There is a fact that I did not disclose when I wrote “Rubies in the Rubbish” – my separation. I had separated from my husband a few months before going to Egypt. We have known each other for over thirty years and had been married for almost thirty years when I decided I needed to live elsewhere for a while. There were some issues in my husband’s life he was unwilling or unable to deal with, and they were getting worse. The worse his condition got, the more I sank into anxiety, fear, anger and frustration. I was unable, no matter how hard I tried, to just detach and let him be. His problems had begun to spill over into our married life and into the space of my life with him to the point where I simply could not let go. So I left. I found a way out of my misery.
In this series I’m going to change the name of all the characters to protect their real identity. Those of you reading this who know me will know who I’m referring to. In these posts, I’ll call my husband “Michael”.
I told Michael that I would come back after he had gotten some help with his problems and I could see that he was working on them. I went into therapy and continued with the self-help group I had already been going to.
It felt good to finally be away, to find my own space, to find a life of my own. Being with Michael had felt like carrying a huge load of bricks. Now, the weight was lifted. I hoped with all my heart for recovery for both of us, but in the meantime, life on my own was much easier.
We continued to see each other, and sometimes Michael would cook for me, or I for him. Cooking was one of our mutual passions, and talking together while eating another one. Actually, Michael and I are ideal partners. We love so many of the same things, and we love discussing all the things of life we encounter. We love discussing ideas, politics, current events, literature, music, religion, psychology, and of course analyzing other people. I loved listening to him uncover historical details about the places we traveled to. We are at our best, perhaps, during our travels. We had already traveled twice together to Egypt, and Michael was involved in my plans to stay with the Coptic Sisters long before I separated from him.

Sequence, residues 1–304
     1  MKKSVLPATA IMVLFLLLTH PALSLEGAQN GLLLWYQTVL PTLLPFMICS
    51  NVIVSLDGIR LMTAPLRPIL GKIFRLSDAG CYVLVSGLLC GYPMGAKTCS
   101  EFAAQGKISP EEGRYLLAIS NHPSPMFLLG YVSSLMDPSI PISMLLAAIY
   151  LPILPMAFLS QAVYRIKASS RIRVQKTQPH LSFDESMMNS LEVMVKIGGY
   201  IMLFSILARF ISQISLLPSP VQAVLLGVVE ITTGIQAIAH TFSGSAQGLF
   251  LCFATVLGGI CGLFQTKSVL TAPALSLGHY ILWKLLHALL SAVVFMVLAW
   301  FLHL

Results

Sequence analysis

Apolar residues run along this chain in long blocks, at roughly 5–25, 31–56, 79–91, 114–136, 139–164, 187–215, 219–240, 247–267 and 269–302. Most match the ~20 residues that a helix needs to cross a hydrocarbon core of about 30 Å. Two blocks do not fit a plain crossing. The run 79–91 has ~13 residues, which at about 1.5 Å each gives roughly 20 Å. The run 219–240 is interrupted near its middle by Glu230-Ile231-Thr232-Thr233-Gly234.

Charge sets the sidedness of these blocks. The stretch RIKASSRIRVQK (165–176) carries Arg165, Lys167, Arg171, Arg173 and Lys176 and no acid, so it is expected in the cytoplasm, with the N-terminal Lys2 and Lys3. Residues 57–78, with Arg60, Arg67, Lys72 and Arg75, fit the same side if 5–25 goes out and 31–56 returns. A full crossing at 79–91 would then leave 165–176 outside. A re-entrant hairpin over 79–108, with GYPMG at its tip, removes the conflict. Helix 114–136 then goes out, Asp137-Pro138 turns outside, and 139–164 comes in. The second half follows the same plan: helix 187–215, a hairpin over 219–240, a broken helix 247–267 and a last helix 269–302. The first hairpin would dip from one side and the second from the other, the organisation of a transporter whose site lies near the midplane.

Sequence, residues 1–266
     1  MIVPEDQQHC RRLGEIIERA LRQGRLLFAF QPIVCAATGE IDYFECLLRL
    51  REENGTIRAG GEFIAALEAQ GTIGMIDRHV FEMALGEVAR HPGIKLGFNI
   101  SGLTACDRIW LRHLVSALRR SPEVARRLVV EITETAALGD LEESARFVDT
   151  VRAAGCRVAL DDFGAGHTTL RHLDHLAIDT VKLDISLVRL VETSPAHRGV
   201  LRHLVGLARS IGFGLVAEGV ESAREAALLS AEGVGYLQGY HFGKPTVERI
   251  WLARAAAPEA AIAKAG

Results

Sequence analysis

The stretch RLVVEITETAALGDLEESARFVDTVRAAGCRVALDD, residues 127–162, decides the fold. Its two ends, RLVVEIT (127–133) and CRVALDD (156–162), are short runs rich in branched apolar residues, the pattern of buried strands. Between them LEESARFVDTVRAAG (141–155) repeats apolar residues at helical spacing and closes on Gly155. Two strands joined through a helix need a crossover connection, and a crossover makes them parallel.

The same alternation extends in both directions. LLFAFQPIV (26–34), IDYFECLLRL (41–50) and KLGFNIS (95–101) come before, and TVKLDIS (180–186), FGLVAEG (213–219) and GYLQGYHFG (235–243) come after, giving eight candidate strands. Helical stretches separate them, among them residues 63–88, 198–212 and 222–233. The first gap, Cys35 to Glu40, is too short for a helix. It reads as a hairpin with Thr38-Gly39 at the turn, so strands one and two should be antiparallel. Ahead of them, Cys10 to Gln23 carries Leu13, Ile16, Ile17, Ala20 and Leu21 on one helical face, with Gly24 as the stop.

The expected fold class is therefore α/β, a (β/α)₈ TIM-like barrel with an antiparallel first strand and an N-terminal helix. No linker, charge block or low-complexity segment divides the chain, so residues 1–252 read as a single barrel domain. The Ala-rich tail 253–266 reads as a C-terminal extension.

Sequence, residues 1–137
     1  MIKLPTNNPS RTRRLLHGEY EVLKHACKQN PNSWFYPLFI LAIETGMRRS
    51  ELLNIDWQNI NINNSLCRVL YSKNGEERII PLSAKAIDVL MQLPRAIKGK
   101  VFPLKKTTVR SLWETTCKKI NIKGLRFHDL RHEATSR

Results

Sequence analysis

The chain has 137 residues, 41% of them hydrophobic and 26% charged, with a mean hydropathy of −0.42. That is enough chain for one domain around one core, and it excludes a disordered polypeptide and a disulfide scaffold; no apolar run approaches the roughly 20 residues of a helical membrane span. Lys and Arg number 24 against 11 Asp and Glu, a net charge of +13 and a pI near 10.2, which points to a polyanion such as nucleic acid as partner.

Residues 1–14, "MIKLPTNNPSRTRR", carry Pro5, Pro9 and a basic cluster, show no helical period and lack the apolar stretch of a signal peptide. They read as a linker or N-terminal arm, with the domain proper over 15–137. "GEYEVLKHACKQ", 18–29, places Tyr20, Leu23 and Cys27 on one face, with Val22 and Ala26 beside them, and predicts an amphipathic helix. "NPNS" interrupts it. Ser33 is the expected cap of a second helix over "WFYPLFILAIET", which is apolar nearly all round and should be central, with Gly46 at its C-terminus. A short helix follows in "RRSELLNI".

But now here we were, separated physically, emotionally and spiritually. I stopped going to the church he was pastoring, needing to also be separate from his spiritual energy.
We lived separately for about a year. Going to Egypt on my own, living in my own apartment, making my own decisions, I felt like I had been let out of a pressure cooker, with the simple push of a button.
During this time, some things started to get resolved and dealt with. Michael went into a clinic where he could get help with some of the things troubling him. He changed some things about his lifestyle, and I could see that he was serious about making these changes. There other things I could see that lay beneath the suraface, things that would need a lot of work. Michael was beset with a miserable sense of self-worth, especially since I had actually left him. And shame, mixed with overwhelming anger at his mother, the cause of most of his problems, but dead for ten years already, invaded our home. Shame, self-hatred and anger lived in our house, like ghosts who refused to leave. I was still trying to change Michael, still caught up in a mothering role I had developed over the years. We had lots still to work on.
Michael had a lot more than emotional and spiritual things to work on. His back, always a bit sensitive, began emitting excruciating pains in the back itself and also in his legs. He tried osteopathic treatments, physiotherapy, exercise. Nothing helped. His orthopedist finally recommended surgery.
In September, 2014, we went on a trip to Turkey together. Michael lumbered heavily through archeological sites in Ephesus, Miletus, Pergamon and other places, determined to see it all, despite excruciating pain. He would have surgery in October, and he wanted to see it all beforehand, just in case anything went wrong, rendering him unable to walk over these sites. It was a lifelong dream of his to see these sites. Michael has always loved history, especially from the Greco-Roman period.
Reunited, we had a wonderful two weeks together in Turkey, cooking up a storm in the evenings we ate in our apartment, feeding the cats who came to visit us, traveling in the daytime to archeological sites, swimming before dinner, shopping. I was grateful for the release I had enjoyed during our separation, and now tranquil in the hope of a future together of mutual healing. There was lots to work on, but we could do it. After all, we had God helping us!
Then Michael went in for surgery, and things went horribly wrong.